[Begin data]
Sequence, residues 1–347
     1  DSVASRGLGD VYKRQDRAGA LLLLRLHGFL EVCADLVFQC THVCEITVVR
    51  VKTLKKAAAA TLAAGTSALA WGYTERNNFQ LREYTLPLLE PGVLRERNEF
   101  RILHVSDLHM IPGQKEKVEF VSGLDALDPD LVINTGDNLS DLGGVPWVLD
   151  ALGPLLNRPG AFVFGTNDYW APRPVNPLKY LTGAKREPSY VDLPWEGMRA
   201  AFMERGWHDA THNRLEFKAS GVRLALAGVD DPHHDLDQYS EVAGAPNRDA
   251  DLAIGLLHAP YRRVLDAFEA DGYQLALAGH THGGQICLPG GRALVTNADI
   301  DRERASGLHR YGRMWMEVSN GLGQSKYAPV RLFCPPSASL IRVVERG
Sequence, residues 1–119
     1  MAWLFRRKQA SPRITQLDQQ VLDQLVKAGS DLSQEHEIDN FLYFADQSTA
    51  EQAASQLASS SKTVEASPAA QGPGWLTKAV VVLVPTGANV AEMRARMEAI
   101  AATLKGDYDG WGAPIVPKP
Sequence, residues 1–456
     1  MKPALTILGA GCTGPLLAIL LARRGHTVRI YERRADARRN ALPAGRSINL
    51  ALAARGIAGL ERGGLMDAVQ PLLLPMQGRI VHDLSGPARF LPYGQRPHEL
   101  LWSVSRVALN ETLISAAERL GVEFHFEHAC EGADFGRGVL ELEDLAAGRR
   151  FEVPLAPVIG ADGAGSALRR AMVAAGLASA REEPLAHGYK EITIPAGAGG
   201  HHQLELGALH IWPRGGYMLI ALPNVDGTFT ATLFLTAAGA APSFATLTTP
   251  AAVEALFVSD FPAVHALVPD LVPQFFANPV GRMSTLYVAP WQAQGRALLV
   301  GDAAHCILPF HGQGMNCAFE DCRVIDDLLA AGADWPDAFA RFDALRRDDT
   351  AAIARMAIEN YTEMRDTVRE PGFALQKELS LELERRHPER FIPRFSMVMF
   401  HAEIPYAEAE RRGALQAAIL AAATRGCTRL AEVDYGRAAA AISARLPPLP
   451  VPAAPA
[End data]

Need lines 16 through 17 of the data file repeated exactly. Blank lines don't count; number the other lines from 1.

   101  LWSVSRVALN ETLISAAERL GVEFHFEHAC EGADFGRGVL ELEDLAAGRR
   151  FEVPLAPVIG ADGAGSALRR AMVAAGLASA REEPLAHGYK EITIPAGAGG